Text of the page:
World Alzheimer’s Day is September 21st. Have you heard of it? It is an international campaign to both raise awareness of Alzheimer’s disease and to challenge the stigma surrounding dementia.
The stigma surrounding dementia can often result in the first symptoms of early Alzheimer’s. For instance, a person’s decreased executive functioning and disorganization may end up being politely dismissed as a mere side effect of the aging process. It may not be until the person exhibits advanced signs and symptoms that his or her family members seek treatment and receive the diagnosis of Alzheimer’s.
An unfortunate consequence of this may be that by the time the person presents to an estate planning attorney, they are considered to be legally incapacitated. The legal standards for capacity generally include an orientation to self and family members, as well as, an understanding of the composition of their estate, the legal actions they are taking, and possible consequences thereof.
If an Alzheimer’s patient does not meet these standards, they cannot legally execute estate planning documents such as: a durable power of attorney for financial or health care matters, living will, advance directives, a will, or a trust. It may be necessary for a family to petition the court to appoint a guardian for the Alzheimer’s patient to oversee medical decision making and a conservator to oversee financial decision making.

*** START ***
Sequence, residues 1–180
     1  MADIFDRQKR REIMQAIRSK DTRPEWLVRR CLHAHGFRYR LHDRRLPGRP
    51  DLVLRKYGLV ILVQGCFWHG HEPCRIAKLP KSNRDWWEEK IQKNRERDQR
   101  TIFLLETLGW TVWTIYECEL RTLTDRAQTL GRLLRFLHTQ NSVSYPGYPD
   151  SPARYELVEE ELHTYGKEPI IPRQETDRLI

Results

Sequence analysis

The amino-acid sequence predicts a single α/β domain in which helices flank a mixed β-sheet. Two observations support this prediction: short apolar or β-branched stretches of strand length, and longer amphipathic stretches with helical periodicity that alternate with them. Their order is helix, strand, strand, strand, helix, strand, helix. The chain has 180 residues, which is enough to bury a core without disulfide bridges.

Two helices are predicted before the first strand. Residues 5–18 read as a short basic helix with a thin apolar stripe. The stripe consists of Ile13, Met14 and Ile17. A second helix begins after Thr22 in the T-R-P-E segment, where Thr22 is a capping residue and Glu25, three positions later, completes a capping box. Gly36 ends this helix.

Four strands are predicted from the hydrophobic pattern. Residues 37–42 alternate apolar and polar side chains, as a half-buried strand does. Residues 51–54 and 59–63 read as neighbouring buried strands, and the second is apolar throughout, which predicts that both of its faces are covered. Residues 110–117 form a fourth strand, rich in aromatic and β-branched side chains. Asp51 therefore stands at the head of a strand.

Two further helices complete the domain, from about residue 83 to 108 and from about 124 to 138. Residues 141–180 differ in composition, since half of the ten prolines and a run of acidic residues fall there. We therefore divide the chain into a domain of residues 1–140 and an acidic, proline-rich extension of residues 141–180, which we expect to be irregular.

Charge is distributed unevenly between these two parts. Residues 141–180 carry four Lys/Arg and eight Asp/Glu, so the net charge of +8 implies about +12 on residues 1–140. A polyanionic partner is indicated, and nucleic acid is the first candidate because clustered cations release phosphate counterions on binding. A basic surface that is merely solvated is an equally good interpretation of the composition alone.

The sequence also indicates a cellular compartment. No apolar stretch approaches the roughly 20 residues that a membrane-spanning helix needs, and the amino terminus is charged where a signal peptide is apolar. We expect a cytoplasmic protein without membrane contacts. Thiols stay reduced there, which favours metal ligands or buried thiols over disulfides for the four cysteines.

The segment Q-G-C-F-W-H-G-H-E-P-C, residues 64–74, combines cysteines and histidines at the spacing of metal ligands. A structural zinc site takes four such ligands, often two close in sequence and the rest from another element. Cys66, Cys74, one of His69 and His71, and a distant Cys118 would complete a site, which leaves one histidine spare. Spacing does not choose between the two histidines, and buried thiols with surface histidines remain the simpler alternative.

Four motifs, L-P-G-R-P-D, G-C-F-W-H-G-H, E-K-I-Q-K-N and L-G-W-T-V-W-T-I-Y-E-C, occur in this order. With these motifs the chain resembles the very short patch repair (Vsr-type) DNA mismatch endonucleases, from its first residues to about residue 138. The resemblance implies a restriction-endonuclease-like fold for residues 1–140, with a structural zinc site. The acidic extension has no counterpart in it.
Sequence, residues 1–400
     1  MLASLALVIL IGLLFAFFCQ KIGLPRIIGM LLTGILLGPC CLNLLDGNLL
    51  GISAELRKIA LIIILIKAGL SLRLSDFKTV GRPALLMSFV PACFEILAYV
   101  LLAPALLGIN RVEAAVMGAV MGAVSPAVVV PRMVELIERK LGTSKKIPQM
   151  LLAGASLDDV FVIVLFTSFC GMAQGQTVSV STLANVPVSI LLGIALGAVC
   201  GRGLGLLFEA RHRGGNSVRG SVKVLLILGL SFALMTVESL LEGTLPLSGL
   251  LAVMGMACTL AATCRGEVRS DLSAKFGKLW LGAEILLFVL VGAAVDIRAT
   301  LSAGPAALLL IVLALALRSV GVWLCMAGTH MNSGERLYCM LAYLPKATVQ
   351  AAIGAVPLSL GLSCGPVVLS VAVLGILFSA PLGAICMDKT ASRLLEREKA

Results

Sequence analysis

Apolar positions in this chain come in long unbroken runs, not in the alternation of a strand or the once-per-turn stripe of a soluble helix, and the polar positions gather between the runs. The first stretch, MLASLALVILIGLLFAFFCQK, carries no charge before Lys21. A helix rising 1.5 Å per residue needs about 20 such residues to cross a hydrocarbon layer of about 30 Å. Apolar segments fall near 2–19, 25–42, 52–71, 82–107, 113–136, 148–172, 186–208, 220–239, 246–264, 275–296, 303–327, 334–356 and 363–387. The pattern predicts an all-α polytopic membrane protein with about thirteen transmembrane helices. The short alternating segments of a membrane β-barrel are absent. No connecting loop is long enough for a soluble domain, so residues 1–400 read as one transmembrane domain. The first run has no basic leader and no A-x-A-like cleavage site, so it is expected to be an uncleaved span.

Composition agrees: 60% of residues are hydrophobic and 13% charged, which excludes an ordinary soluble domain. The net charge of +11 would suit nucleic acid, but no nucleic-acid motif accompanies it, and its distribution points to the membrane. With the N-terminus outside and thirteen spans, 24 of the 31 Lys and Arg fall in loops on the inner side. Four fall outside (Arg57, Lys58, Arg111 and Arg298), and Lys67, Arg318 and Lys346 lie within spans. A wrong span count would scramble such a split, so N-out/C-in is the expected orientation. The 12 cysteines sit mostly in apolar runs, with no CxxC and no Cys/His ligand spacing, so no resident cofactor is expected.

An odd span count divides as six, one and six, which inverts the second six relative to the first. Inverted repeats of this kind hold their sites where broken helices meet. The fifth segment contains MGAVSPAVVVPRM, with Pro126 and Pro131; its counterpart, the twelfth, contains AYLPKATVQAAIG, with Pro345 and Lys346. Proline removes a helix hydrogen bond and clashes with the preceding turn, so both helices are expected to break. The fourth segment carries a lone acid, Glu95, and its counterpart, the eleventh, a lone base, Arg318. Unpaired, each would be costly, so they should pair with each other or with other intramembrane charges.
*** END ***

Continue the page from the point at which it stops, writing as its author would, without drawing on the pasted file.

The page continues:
While the guardian and conservator are put in place to protect the interests of the Alzheimer’s patient, this may still deny the patient the opportunity to articulate his or her wishes in these regards, and have important planning conversations with family members, who will be beside the patient on his or her journey.
When the Alzheimer’s patient meets the capacity standards, it can be best to execute documents as soon as possible to decrease the risk of another family member challenging the legal documents in the future on the grounds of lack of capacity at the time of execution. Medical records created near the time of execution are often used to analyze capacity at the time of signing.
Receiving an Alzheimer’s diagnosis can be a daunting time for the patient and his or her family, but it remains important to seek out legal help to put important protections in place. Our office remains committed to assisting our clients and their families with navigating legal documents and capacity issues. Contact us today to set up an appointment time.